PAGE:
Unlike Garcia, American scholar Cynthia Becker, who specialises in Imazighen art and culture, has had the privilege of witnessing such a celebration. The festivities, she explains, last for three days. The bride is dressed in, among other things, jewellery sent from her future husband. The bride’s caretakers spend hours preparing her, slowly brushing sweet smelling herbs into her hair and serenading her with songs. She is brought to her husband’s house on the back of a mule and settled into a tent right outside it for three days, wearing a red cloth over her face – the colour of fertility.

Among the jewellery she wears are often a few silver fibula pins fastened to her shoulders and linked by a chain (historically made, like most Moroccan jewellery, by Jewish silversmiths), amber beads and a headband of dangling coins meant to represent a fringe of hair – also associated with fertility. ‘They even have wedding songs about fringes. Fertility is a big theme, as you can see.’

The bride must circle her new home three times before entering it, and sprinkle guests with blessed milk, also symbolising fertility. An animal sacrifice will follow the consummation of the marriage and, finally, the bride’s veil will be pulled back and her face revealed, primarily to a company of women. The bride’s mother presents her with a woolen or silk belt, which she wears as a symbol of her marital status.

While not as elaborate, the ceremony at the marriage market is not all formalities either. It’s easy to pick the brides out from the crowd, dressed in colourful dresses as well as uniquely Berber woolen wedding shawls, sewn by their mothers, their hands hennaed with symmetrical patterns.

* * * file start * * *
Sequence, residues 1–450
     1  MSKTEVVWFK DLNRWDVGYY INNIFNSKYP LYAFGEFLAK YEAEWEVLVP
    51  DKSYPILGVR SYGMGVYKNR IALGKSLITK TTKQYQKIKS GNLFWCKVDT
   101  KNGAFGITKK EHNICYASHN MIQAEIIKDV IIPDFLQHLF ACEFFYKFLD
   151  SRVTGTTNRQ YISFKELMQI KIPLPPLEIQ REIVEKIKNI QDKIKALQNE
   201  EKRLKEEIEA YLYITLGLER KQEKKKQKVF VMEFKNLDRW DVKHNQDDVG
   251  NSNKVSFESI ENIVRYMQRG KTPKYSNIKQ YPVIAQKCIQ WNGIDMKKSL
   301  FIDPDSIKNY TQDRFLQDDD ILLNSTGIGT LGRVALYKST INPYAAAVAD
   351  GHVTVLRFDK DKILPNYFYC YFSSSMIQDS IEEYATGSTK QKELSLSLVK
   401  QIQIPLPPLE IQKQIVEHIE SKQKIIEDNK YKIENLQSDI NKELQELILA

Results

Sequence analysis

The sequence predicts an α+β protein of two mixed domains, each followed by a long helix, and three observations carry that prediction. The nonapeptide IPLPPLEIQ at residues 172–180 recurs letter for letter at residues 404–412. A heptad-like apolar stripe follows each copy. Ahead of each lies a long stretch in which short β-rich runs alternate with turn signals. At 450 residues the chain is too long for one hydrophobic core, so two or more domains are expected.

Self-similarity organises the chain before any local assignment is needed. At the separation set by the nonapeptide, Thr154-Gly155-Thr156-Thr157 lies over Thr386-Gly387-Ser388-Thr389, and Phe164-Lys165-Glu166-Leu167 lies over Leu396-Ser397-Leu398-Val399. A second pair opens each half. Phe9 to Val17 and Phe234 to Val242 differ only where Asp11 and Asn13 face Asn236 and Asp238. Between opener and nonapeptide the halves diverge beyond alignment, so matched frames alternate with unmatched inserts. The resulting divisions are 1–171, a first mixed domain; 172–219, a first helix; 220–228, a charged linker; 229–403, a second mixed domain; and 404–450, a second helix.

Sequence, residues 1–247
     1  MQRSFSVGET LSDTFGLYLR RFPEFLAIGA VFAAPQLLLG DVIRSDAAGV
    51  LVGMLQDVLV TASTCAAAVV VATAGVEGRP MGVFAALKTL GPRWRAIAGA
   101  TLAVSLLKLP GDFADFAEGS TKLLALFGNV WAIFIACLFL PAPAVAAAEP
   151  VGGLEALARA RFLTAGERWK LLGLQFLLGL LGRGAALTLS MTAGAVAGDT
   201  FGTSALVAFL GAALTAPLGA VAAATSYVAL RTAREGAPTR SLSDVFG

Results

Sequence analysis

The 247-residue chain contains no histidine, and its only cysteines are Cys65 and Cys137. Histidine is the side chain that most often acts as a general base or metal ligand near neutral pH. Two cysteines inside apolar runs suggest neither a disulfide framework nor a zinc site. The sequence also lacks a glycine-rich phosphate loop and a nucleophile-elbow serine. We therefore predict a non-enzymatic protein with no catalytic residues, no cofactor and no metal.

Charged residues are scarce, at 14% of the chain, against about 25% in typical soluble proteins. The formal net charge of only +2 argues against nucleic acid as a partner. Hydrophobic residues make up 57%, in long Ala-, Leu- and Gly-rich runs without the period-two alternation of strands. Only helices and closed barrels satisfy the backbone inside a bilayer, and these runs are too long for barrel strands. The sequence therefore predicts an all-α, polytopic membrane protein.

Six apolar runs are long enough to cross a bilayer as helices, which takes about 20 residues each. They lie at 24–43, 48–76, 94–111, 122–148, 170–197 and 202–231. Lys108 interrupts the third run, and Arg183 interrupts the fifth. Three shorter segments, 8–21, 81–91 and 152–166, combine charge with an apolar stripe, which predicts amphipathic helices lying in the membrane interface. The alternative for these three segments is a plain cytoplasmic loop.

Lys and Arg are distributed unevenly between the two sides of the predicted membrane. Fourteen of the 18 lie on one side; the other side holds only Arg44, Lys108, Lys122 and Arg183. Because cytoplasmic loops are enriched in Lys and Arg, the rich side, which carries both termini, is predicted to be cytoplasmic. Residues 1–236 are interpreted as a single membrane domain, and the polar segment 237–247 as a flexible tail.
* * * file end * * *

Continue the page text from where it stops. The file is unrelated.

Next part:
Married women are distinguished from those who are single by their headscarves, the former wearing veils with a slightly pointed tip and the latter wrapping them flat. The grooms’ attire is more relaxed, consisting of a modest djellaba, worn in white to symbolise the purity of the marital union and their piety. ‘Some of the grooms come straight from the fields still wearing their baseball caps. It’s funny to see them dressed in their white wedding clothes with Yankees caps they forgot to take off,’ laughs Garcia.

‘It’s a culture shock,’ he adds. ‘You come from the city and you meet people you would never find in your normal life. It’s very 500 years ago. I imagine tourists would like it too.’ Only two tourists joined Garcia and the five other journalists at Imilchil. Few Moroccans, let alone tourists, have more than a rudimentary familiarity with the festival. ‘It’s something we hear about in the news,’ says Mounia Hajji, Kirat’s daughter, ‘but most urban Moroccans are not likely to have travelled to the Atlas Mountains to see these rituals. Internal tourism is still underdeveloped.’

It was Hajji’s adventurous parents who exposed her to this neglected aspect of her national heritage. She hopes more of her compatriots will acquire an appreciation for the Berber community’s complex and stimulating rituals, which are as much ‘Moroccan’ as the cultural practices common in Casablanca and Fes.

‘Morocco is known for its urban destinations, but the countryside – the Atlas – has another world of things to see, from nature, to people, music and folklore. It’s hard to describe it to someone unfamiliar. It almost feels like travelling back in time.’